Vancouver/ICMJE Style

Tauqeer Nazim, Sarfraz Ahmad, Kamran Hamid, Zahid Iqbal Bhatti, Muhammad Maaz Arif, Danish Mohsin. Comparison of Single-Stage Reverse Sural Artery Flap Versus Two-Staged Interpolated Flap in Distal Lower Limb Injuries. BioMedica. (2023), [cited April 21, 2024]; 26 (March 2023): 21-24. doi:10.24911/BioMedica/5-802

Harvard Style

Tauqeer Nazim, Sarfraz Ahmad, Kamran Hamid, Zahid Iqbal Bhatti, Muhammad Maaz Arif, Danish Mohsin (2023) Comparison of Single-Stage Reverse Sural Artery Flap Versus Two-Staged Interpolated Flap in Distal Lower Limb Injuries. BioMedica, 26 (March 2023): 21-24. doi:10.24911/BioMedica/5-802

Chicago Style

Tauqeer Nazim, Sarfraz Ahmad, Kamran Hamid, Zahid Iqbal Bhatti, Muhammad Maaz Arif, Danish Mohsin. "Comparison of Single-Stage Reverse Sural Artery Flap Versus Two-Staged Interpolated Flap in Distal Lower Limb Injuries." 26 (2023), 21-24. doi:10.24911/BioMedica/5-802

MLA (The Modern Language Association) Style

Tauqeer Nazim, Sarfraz Ahmad, Kamran Hamid, Zahid Iqbal Bhatti, Muhammad Maaz Arif, Danish Mohsin. "Comparison of Single-Stage Reverse Sural Artery Flap Versus Two-Staged Interpolated Flap in Distal Lower Limb Injuries." 26.March 2023 (2023), 21-24. Print. doi:10.24911/BioMedica/5-802

APA (American Psychological Association) Style

Tauqeer Nazim, Sarfraz Ahmad, Kamran Hamid, Zahid Iqbal Bhatti, Muhammad Maaz Arif, Danish Mohsin (2023) Comparison of Single-Stage Reverse Sural Artery Flap Versus Two-Staged Interpolated Flap in Distal Lower Limb Injuries. , 26 (March 2023), 21-24. doi:10.24911/BioMedica/5-802


Biomedica - Official Journal of University of Health Sciences, Lahore, Pakistan

Volume 39(1):21-24

ORIGINAL ARTICLE

Comparison of single-stage reverse sural artery flap versus two-staged interpolated flap in distal lower limb injuries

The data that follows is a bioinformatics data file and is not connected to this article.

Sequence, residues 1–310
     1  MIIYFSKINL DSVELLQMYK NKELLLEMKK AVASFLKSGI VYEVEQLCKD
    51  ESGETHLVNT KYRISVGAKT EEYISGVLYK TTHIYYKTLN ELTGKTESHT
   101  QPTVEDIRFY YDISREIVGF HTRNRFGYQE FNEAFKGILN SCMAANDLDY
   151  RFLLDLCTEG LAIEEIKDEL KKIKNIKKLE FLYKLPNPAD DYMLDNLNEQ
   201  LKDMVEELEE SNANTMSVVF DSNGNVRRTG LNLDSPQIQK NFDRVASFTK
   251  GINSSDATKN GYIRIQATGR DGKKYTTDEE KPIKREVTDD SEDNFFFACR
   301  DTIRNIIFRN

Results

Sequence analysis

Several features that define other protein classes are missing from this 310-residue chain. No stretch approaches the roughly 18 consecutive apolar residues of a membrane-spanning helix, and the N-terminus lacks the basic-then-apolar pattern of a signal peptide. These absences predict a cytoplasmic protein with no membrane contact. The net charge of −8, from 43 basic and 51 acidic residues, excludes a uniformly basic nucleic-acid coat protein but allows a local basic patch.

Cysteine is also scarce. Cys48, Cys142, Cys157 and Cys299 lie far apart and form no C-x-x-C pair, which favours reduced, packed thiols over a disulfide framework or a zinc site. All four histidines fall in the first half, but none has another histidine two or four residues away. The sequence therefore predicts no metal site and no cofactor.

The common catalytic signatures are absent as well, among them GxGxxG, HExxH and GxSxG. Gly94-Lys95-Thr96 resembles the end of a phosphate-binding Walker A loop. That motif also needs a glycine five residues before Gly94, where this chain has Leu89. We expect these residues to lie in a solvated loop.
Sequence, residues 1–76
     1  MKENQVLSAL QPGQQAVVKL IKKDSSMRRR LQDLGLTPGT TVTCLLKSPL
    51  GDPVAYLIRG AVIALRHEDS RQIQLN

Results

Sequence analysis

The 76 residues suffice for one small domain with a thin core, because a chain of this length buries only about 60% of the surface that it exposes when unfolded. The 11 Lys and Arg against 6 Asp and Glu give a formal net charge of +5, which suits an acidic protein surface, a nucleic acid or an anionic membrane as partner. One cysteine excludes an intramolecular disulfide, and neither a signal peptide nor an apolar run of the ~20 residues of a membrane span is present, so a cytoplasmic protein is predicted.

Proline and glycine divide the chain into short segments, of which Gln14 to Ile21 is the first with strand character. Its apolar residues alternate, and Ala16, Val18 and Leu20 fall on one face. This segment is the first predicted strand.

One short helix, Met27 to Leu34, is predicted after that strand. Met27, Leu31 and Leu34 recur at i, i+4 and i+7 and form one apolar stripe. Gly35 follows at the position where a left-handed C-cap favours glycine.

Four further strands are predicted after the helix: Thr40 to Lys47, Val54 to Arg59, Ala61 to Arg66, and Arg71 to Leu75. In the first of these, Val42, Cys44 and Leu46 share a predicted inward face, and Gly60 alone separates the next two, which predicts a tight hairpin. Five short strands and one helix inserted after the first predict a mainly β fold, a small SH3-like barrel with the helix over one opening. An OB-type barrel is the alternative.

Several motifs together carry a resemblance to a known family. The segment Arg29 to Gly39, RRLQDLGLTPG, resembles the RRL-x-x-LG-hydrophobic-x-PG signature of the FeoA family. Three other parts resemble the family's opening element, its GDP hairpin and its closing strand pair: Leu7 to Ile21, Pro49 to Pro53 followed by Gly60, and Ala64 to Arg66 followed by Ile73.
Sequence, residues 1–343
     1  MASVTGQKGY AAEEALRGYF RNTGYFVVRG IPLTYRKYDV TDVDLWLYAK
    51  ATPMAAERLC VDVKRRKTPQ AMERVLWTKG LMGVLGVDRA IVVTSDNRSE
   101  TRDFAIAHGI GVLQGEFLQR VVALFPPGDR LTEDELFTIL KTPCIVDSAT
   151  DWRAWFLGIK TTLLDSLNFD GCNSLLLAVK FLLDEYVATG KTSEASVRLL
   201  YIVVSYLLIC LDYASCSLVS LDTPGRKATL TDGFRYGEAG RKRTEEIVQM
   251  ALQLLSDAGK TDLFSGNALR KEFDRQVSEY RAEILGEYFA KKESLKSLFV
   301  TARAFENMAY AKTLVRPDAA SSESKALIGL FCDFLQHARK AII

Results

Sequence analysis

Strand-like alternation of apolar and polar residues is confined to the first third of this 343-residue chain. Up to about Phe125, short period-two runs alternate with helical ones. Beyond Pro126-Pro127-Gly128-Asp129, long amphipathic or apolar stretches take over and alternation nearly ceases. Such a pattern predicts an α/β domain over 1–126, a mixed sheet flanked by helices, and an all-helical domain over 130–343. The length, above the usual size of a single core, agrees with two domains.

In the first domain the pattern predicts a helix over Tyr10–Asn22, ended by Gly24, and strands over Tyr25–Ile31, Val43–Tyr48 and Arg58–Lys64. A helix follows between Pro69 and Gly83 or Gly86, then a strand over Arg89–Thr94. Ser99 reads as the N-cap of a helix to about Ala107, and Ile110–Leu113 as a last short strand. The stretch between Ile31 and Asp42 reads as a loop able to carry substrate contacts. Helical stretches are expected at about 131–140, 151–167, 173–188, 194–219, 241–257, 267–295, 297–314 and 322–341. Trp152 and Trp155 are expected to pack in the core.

Tauqeer Nazim1, Sarfraz Ahmad2, Kamran Hamid3, Zahid Iqbal Bhatti4, Muhammad Maaz Arif5*, Danish Mohsin6

Received: 25 October 2022 Revised date: 8 February 2023 Accepted: 13 March 2023

Correspondence to: Muhammad Maaz Arif

*Lecturer, Department of Medical Education, University of Health Sciences, Lahore, Pakistan.

Email: amerhassan@yahoo.com

Full list of author information is available at the end of the article.


ABSTRACT

Background and Objective:

Plastic surgeons face challenging conditions when dealing with soft tissue injuries or defects involving the lower part of the leg and the proximal part of the foot. The objective of the current study is to compare single-staged reverse sural artery flaps with two-staged interpolated flaps in distal lower limb injuries.


Methods:

It was a prospective study carried out at the Department of Plastic Surgery, Allama Iqbal Memorial Teaching Hospital, Sialkot, Pakistan, over 5 years from 2015 to 2020. Sixty-eight (n = 68) patients with distal lower limb soft-tissue defects were enrolled and randomly allotted a two-stage interpolated flap design (group A) or single-stage reverse sural artery flap design (group B). The measured outcomes included the frequency of flap-tip necrosis, epidermolysis, partial or total flap loss, and additional procedures needed for managing these complications.


Results:

Out of all the patients, 72% were of male gender and 28% were females with a mean age of 38.38 ± 10.76 years. In group A, there were 6% of the cases where tip necrosis was the only impediment as compared to 17% in group B. In patients of group A, epidermolysis was seen in 12% as compared to 35% in group B whereas only 6% of patients in group A required secondary procedures for flap tip necrosis as compared to group B (47%). Paired t-test was used to calculate the statistical significance of the outcome between the two groups (p-value of 0.0491).


Conclusion:

The two-staged interpolated flap procedure results in fewer complications as compared to a single-staged reverse sural artery flap procedure. However, the shorter hospital stay in single-staged flap design is satisfying for the patients who did not report any complications with this procedure.